When it comes to health and weight loss, we tend to think of what to eat and just how much we should be eating to meet a suitable caloric target.
And while selecting quality foods and sticking to appropriate portion and serving sizes is essential, we must not discount the questions regarding when, where, why, and how we eat.
What is Mindful Eating?
Being mindful is essentially a nonjudgmental awareness of the present moment. So in the context of food and nutrition, mindful eating is a nonjudgmental awareness of physical and emotional sensations while eating.
Mindful eating promotes the notion of "all foods fit," stripping down the stigma of "unhealthy" or "bad" foods and incorporating all foods within a balanced diet.
The practice supports individuals to intently focus on internal cues of hunger and satiety, as well as external motivators that drive behaviors to foods. Recognizing the smells, flavors, and textures of foods is also a strong foundation of mindful eating.
Along with strengthening relationships with food, the act of mindful eating is showing effectiveness in the treatment of disordered eating, including binge eating disorder, bulimia, and anorexia.
In addition to the mental clarity individuals have found when practicing mindful eating, the physical benefits have been nonetheless compelling. In fact, research has demonstrated its implementation can be applicable for weight loss and maintenance and diabetes management.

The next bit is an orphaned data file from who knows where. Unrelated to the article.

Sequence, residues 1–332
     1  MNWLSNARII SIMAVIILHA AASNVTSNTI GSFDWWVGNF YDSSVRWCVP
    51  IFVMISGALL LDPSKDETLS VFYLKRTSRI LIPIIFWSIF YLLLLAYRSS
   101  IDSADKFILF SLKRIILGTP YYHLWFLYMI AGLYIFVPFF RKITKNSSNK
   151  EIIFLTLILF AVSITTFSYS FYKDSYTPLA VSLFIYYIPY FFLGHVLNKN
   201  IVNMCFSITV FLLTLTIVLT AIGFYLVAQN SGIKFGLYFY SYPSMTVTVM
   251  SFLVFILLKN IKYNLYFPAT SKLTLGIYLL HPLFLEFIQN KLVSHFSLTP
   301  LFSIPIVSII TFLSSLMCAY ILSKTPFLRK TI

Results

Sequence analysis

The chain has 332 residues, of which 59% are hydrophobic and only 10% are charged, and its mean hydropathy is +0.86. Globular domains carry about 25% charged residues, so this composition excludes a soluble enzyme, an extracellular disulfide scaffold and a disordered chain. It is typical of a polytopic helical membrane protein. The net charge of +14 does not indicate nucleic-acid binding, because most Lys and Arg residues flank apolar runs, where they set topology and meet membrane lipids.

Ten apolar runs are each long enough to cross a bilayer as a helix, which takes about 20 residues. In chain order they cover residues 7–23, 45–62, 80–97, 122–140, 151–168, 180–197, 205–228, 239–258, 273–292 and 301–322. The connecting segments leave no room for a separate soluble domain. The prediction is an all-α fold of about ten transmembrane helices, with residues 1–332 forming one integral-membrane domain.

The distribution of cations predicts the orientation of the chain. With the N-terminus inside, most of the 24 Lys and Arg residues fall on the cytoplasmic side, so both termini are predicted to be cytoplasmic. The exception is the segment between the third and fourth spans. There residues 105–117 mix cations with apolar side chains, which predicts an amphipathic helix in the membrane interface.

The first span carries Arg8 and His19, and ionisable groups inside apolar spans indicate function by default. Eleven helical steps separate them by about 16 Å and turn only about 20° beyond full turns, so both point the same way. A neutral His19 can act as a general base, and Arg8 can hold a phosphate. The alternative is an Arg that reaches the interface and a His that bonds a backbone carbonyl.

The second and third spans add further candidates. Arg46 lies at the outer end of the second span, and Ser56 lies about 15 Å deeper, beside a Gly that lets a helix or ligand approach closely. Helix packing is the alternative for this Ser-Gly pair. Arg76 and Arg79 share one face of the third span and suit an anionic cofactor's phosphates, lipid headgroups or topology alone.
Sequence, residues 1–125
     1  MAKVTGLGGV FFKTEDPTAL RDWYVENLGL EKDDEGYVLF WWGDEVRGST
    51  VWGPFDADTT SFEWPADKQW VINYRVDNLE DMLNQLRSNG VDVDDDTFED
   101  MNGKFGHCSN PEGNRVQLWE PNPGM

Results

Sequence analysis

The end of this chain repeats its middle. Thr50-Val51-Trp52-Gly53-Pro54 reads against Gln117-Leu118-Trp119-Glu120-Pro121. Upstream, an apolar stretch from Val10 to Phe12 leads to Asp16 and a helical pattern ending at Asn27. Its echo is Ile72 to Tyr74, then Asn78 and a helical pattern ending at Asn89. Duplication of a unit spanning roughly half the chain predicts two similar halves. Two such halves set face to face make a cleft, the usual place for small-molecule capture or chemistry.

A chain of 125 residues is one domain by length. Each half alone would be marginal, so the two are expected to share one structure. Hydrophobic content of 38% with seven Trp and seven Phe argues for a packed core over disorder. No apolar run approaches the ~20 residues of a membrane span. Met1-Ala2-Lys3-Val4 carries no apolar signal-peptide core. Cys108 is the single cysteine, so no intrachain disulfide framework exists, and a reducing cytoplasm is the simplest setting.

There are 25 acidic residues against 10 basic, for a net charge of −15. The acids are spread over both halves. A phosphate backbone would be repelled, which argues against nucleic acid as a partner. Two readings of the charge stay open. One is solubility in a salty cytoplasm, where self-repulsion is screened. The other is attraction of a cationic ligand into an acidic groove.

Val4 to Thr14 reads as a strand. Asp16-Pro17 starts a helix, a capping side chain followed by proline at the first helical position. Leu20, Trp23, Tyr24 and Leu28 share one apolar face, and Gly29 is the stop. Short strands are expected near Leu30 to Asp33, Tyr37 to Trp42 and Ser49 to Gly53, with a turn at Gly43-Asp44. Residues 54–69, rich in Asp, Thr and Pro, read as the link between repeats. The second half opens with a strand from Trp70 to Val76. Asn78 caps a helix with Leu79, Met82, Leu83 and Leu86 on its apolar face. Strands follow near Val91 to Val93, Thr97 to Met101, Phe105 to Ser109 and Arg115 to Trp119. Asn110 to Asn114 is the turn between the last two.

How to Mindfully Eat
First off, it is important to ditch the notion of “dieting.” Mindful eating is not promoted as a rigid weight loss plan, nor does it require food restrictions.
Individuals are encouraged to hone into the importance of what mindful eating truly stands for and continue developing and strengthening skills within the practice.
Tune into Internal Cues
Eating with intention can be accomplished by listening to hunger and satiety cues. Unlike cravings, pure hunger can cause low energy levels and that pesky stomach growl.
A cornerstone of mindful eating promotes listening to your body and stopping when full.
Be Aware of Thoughts and Emotions
Along with the physical feelings of hunger, be aware of thoughts and emotions you may be experiencing at meal time.
It is important to address whether or not you are eating based on emotions, also known as emotional eating, along with the surfaced thoughts while eating.
Recognize the External World
In addition to tuning into hunger and satiety cues, recognize how the external world influences food behaviors. One must also identify stimuli that may cause mindless eating, including snacking at your office desk or in front of the television.
Additionally, notice and welcome the surroundings, including the pleasant ambience and presence of the guests who may have joined you.
Appreciate Your Food
With food so widely available in the westernized world, it can sometimes be taken for granted. But along with appreciating food, value healthy food, the types that support the body and promotes a longer, happier life.
Sit down to your meal and appreciate its cultivation, preparation, and the nourishment it provides.
Eat Slowly and Chew Thoroughly
Rather than scarfing down your food and reaching for a second helping, start with a small portion and eat it slowly while chewing thoroughly.
Slowing down during meal times urges individuals to fully enjoy the meal, while also allowing enough time for the mind and body to sync and trigger the “I’m full” feeling.
Practice Mindful Meditation
The act of meditation encourages individuals to enter a mode of consciousness and live in the present moment.
Practicing mindful meditation can help you handle food cravings with awareness and intention.